By ERWIN CHLANDA
The BHP Foundation is donating $2m for professional shooters to cull camels on Aboriginal land whose residents are clearly making no effort to turn the feral beasts into an income earning venture.
The Central Land Council (CLC) announced last year that in Petermann and Haasts Bluff it had “recently completed feral camel control work.
“Over 1000 camels and other feral animals were removed in an area covering over 27,000 sq kms after consultation with traditional owners.
“The Indigenous land owners have been proactive in wanting to manage this problem on their lands as it deeply impacts on their natural and cultural assets,” said a CLC spokesman.
“We will continue to work collaboratively with the 10 Deserts Project and the Northern Territory government to continue this important control work.”
The traditional owners’ proactivity clearly did not include mustering and marketing the resource.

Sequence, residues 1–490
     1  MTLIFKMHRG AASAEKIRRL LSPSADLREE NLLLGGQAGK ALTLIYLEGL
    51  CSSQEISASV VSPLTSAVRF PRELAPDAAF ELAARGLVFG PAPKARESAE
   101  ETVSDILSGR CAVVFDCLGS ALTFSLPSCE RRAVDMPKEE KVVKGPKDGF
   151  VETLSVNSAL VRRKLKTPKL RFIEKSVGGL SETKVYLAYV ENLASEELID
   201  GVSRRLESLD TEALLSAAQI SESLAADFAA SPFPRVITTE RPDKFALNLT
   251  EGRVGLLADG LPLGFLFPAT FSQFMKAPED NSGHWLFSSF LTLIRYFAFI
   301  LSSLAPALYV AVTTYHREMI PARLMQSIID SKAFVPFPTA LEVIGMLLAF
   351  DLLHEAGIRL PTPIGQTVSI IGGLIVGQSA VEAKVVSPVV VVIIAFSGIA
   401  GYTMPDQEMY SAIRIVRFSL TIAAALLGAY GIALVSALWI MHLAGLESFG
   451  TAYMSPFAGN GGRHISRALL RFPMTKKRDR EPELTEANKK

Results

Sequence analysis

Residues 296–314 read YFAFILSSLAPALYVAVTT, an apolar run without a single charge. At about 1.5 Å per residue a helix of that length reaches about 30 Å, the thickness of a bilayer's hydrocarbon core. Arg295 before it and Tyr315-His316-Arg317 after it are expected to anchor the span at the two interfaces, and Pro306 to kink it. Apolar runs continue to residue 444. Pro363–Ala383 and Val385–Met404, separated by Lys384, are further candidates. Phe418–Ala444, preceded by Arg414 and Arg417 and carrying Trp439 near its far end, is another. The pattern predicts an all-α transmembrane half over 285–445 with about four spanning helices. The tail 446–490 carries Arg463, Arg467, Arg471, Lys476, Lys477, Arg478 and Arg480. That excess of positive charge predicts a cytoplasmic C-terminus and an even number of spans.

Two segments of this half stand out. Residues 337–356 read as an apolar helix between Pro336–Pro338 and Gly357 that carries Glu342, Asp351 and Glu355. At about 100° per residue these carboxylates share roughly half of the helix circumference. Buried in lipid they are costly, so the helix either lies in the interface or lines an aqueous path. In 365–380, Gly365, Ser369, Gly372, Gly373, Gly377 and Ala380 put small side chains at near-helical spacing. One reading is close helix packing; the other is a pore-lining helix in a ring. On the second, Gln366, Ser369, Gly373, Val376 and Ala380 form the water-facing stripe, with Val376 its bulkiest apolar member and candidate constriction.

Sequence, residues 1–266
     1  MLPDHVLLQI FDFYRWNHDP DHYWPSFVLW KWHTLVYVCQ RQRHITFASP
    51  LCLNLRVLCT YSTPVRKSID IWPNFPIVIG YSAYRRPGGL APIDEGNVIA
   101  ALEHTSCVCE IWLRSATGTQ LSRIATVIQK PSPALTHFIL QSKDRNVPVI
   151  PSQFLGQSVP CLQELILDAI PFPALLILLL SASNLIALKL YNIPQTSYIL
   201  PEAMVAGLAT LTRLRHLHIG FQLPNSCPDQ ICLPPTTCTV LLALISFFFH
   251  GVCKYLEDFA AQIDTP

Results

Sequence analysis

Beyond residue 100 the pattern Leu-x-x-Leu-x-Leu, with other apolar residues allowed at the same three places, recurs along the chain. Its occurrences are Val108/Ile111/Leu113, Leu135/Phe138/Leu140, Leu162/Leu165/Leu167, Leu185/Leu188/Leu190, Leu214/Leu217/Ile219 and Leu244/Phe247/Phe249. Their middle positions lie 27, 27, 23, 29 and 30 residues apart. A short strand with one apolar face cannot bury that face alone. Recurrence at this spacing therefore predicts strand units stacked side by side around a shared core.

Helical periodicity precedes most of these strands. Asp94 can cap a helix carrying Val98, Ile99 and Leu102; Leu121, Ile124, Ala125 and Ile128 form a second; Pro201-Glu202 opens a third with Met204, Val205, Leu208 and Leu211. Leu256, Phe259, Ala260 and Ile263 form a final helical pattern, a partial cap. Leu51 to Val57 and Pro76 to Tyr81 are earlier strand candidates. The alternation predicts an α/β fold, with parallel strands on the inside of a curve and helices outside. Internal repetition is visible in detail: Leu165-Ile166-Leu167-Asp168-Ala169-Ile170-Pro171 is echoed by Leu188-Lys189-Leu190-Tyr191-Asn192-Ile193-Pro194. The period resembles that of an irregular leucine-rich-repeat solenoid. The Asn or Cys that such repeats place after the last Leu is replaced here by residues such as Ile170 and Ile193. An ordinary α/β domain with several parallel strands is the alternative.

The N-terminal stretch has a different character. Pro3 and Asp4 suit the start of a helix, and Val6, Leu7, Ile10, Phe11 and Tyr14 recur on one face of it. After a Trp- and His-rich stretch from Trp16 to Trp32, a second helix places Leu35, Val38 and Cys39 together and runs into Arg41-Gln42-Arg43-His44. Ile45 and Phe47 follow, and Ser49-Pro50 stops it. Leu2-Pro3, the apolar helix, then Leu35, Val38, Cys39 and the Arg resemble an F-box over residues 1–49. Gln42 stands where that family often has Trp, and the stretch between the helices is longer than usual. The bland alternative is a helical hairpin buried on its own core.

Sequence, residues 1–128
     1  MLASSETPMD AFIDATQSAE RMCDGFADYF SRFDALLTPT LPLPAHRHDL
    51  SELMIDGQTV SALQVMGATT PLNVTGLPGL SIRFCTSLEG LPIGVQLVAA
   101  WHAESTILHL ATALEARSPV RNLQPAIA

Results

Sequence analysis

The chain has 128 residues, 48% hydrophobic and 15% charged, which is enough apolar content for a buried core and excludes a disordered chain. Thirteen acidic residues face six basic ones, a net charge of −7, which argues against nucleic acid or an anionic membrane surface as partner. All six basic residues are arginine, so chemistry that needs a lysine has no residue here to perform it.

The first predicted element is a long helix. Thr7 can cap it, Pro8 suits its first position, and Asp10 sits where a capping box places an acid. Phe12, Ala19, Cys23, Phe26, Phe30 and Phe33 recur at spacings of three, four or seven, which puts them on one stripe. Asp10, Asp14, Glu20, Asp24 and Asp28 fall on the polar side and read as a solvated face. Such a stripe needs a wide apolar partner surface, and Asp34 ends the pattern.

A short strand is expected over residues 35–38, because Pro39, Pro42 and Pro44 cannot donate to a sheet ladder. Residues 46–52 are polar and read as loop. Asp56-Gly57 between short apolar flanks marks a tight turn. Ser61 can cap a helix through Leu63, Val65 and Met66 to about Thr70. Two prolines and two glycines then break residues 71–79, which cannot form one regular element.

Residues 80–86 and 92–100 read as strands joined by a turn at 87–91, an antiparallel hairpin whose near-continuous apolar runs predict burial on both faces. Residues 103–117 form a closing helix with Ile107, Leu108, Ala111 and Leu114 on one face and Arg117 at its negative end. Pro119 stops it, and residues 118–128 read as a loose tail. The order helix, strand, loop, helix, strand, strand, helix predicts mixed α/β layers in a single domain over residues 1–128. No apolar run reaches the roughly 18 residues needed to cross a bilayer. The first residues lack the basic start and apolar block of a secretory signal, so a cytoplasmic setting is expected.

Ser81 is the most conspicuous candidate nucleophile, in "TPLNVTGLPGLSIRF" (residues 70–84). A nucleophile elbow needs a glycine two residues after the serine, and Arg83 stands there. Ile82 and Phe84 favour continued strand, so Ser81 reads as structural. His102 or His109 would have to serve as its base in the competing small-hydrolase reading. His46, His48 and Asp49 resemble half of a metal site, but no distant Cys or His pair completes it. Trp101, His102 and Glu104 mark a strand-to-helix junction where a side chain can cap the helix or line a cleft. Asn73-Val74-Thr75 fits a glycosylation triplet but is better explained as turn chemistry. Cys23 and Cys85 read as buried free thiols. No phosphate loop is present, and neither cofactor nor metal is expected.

The 10 Deserts Project says it is “committed to supporting Indigenous organisations that want to manage feral camels on their country and we have allocated nearly $2m over the coming four years for control work”.
A CLC release says: “[The] 10 Deserts Project is led by Desert Support Services and aims to build the capacity of Indigenous groups to look after country for a range of economic, social, cultural and environmental outcomes.”
The Alice Springs News put questions including these to the land council: How many Aboriginal people are involved as workers in the project? How many camels have they caught and sold? How much money has that raised? Who were the buyers? How many camels have been culled?
The CLC replied: “The project was a cull and didn’t involve buying and selling.
“Our rangers and other staff provided on ground support while the culling was done by professional shooters.
“The $2m came from the BHP Foundation – for managing camels in the CLC region and beyond. Talk to them.
“Our latest annual report itemises the total numbers of camels we culled with funds from the 10 Deserts Projects on the Petermann and Haasts Bluff Aboriginal Land Trusts – 427 and 429 respectively,” said the CLC spokeswoman.
Selected references in the Alice Springs News: